ways that are effecti~e and efficient, but be flexible. He might even suggest ideas which you can use. Many efforts like yours have failed because the teacher demanded that her spom;e follow exactly her ways of dobg things and offered nothing but criticism of his efforts. Encourage your husb".nd to select the tasks he prefers, bllt express your own preferences as well. Ideally each of you will do more of the jobs,You prefer. Such sharing works very well when, as often happens, one partner prefers cooking, the other cleaning and laundry. Finally, as you become partners, never forget that you are also helpmates. Ideally neitheT should hold rigidly to the division of labor. When other demands arise, each can cover for the partner who must be elsewhere or do other things. Whatever your age, cooking and cleaning are basic human skills that make one more inde pendent. Anyone, woman or man, who denigrates such skills knows \-ery little about being a complete human being. The most unliberated, dependent person is one who cannot get from one meal to the next without depending upon another person. With shared good will, hoth you and your husband can become more flexible, more competent, more useful people. In an emergency either of 'you can cope. On an everyday basis each of you can pursue other activities knowing the other can cover the hornefront. In a healthy, happy marriage, change occurs regularly over the years. You now have the opportunity to become partners ::n a new way.

THE GREATER Fall River Alzheimer's Support Group, daytime session, will meet 12:30 to 2 p.m. Aug. 23, Catholic Memorial Home, 2446 Highland Ave., Fall River. Meetings, held each fourth Tuesday, free of charge, enable caregivers of persons with Alzheimer's or related diseases to express feel,ings and receive support. For information call 679-00 I I. STUDENTS IN Lucy Carre i-

ro's second grade bilingual classroom at the Galligan Elementary School, Taunton, recently entertained Marian Manor residents and staff in the home's lobby. Dressed in traditional Portuguese costumes, 19 students sang songs, danced and performed a. dramatic skit. At the end of their performance, the children distributed carnations to members of the audience.

By Dr. James and Mary Kenny

HAIR CARE: Bobbi Greco, a hairdresser who specializes in hair care for the homebound, styles the hair of Frances Schweitzer in Mrs. Schweitzer's home. (eNS photo)

'.

BLOSSOMING FRIENDSHIPS: Second-grader Victor Balanca hands a carnation to Georgiana O'Leary, right, as Lucilia Santos looks on during a visit by Galligan Elementary School students to Marian Manor, Taunton.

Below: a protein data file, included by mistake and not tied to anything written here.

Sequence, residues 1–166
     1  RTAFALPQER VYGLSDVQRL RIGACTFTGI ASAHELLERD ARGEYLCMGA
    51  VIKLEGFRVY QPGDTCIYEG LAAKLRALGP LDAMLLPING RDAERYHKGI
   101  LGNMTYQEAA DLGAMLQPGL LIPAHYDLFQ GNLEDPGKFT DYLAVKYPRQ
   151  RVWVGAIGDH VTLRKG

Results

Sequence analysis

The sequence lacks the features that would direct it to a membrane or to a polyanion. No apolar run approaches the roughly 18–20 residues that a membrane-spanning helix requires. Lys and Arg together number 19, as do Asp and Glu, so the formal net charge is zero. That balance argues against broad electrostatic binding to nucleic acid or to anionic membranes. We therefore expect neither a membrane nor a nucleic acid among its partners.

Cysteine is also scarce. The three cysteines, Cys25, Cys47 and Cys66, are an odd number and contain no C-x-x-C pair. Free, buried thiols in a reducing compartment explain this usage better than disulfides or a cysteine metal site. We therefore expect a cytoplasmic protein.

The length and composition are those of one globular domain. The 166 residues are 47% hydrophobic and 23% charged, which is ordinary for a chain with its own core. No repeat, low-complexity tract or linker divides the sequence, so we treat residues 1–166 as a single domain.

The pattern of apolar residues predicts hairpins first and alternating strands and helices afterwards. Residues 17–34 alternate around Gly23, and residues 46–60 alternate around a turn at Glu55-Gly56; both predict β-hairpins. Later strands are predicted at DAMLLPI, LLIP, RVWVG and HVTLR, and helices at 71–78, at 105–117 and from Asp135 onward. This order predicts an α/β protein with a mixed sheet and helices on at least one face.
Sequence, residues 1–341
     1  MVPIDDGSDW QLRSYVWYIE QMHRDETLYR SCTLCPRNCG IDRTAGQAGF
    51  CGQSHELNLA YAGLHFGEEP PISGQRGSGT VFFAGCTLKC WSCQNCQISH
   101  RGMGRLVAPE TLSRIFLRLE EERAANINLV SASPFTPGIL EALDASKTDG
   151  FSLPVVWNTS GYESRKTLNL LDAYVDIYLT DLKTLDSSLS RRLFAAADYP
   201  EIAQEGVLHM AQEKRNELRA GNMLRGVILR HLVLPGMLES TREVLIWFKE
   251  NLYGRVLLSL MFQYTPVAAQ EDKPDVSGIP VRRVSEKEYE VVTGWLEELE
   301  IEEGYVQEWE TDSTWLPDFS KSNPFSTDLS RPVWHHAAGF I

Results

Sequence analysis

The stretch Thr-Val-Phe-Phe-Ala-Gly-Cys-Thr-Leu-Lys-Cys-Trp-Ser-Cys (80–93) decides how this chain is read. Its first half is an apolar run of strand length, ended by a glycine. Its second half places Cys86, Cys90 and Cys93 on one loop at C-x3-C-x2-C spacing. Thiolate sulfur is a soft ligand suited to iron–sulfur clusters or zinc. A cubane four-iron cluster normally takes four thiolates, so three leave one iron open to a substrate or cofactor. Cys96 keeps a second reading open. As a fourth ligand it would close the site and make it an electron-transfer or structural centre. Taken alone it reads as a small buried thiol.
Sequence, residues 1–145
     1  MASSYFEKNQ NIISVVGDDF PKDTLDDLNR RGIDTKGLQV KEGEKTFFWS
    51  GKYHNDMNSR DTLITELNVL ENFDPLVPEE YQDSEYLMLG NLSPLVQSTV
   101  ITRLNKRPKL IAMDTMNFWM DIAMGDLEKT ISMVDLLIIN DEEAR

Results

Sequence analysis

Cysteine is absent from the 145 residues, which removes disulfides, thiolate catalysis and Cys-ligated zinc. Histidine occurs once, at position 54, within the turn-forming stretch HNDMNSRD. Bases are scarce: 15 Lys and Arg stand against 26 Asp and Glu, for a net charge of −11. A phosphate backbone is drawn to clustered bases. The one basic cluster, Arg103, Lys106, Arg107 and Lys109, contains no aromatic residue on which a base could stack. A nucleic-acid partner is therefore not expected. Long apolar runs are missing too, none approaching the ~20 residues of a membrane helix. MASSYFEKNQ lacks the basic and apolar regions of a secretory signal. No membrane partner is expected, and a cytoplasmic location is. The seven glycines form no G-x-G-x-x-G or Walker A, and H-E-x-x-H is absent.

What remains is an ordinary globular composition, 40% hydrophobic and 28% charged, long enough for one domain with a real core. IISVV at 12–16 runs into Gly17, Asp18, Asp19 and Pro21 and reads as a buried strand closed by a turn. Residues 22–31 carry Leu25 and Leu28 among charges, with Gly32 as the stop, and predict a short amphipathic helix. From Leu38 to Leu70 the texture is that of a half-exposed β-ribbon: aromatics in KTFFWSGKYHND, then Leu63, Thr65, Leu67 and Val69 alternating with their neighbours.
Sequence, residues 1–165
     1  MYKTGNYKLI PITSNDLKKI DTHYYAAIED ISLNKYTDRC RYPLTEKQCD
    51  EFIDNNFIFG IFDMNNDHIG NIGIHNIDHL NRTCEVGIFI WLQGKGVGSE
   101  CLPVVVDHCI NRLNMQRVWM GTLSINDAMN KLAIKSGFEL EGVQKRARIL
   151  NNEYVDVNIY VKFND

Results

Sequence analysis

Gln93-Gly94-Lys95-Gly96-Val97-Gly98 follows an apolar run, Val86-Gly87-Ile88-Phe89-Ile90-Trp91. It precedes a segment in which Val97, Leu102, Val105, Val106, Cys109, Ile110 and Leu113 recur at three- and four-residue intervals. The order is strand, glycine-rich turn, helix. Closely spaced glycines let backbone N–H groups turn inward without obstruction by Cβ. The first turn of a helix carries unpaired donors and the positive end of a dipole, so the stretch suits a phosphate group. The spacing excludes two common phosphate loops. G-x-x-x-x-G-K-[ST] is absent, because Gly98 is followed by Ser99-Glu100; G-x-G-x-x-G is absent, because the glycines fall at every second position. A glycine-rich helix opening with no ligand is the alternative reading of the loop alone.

Money matters, so does how it's used BLOOMINGTON, III. (CNS) - Money may matter, but for Catholic organizations and individuals it shouldn't be the only consideration. Christian Brothc~r Michael O'Hern, president of Christian Brothers Investment Services Inc. of New York, says Catholics have both the right and duty to practice socially responsible investing. He discussed -the topic at a Finance and Stewardship conference in Bloomington, sponsored annually路 by the diocese of Peoria. The religious ordl~r's financial wing began investing money 30 years ago to fund employee benefit programs, primarily for lay teachers staffing Catholic high schools in Chicago. Since then, the range and scope of the firm's !.ervices have expanded and in 1993 its assets surpassed over $1 billion. "To us, socially responsible funding is to use economic power to expand the mission of the church," Brother O'Hern said. However, Brother O'Hern said investors need not sacrifice financial gain when practicing social values. In fact, he said, socially responsible investments have become quite popular. "There is really not a financial consequence for socially responsible investment," he said. "One can do well and still do good." Brother O'Hern said it is Christian Brothers' philosophy to avoid owning stock in companies that engage in immoral or unethical acts, such as those that produce or export nuclear weaponry, produce abortifacients or provide abortion. But Brother O'Hern also encourages influencing company decisions through active ownership. "As owners ofa company, we have a right and responsibility to provide direction for that company," he said. Shareholders mBLy voice their concerns about a company's direction in a variety of ways, including correspondence and dialogue with corporate managers, exercising the right to vote at shan~holders' meetings and sponsoring shareholder resolutions. Christian Brothers Investment Services uses such methods to promote its policies on various issues within the companies in which they own stock, including promoting the goal of a smoke-free society by the year 2000, and encouragement offair labor practices, respect for the environment and provision of just wages. Brother O'Hern said organizations can use their economic power to forward the church's mission not only through corporate ownership, but also through influencing the companies with whom they do business, particularly banks. As an example, Brother O'Hern mentioned the case of Mellon Bank in Pittsburgh, which was cited two years ago for housing discrimination in lending to minorities. At the time, Christian Brothers Investment Services was one of the bank's major customers with more than $100 million :invested there. The Chri"stian Brothers and other church groups met with the bank's managers to discuss the issue. As a result, "they went in and revised their mortgage-lending division," Brother O'Hern said. The changes Mellon Bank instituted apparently helped, because a recent article in the Wall Street Journal cited the institution for improving its service on lending to minorities.